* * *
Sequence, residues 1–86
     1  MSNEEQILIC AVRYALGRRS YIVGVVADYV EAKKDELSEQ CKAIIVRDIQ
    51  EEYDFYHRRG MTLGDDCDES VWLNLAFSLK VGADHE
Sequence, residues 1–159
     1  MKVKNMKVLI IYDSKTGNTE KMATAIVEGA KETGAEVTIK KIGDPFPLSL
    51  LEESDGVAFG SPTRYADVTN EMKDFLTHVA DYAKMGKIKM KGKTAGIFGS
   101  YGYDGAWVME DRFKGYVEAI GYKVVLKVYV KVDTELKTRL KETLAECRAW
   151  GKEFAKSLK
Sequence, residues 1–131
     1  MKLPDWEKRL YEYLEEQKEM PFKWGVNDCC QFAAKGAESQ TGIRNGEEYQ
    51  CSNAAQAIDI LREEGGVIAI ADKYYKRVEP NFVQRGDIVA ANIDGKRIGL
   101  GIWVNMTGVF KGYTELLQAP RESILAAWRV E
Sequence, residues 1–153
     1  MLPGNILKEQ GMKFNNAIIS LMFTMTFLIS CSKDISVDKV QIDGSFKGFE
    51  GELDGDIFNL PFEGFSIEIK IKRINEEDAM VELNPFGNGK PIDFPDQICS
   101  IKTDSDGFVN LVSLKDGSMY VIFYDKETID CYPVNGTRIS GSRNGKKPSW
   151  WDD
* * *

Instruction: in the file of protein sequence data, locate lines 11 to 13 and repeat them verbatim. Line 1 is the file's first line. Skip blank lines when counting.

    51  CSNAAQAIDI LREEGGVIAI ADKYYKRVEP NFVQRGDIVA ANIDGKRIGL
   101  GIWVNMTGVF KGYTELLQAP RESILAAWRV E
Sequence, residues 1–153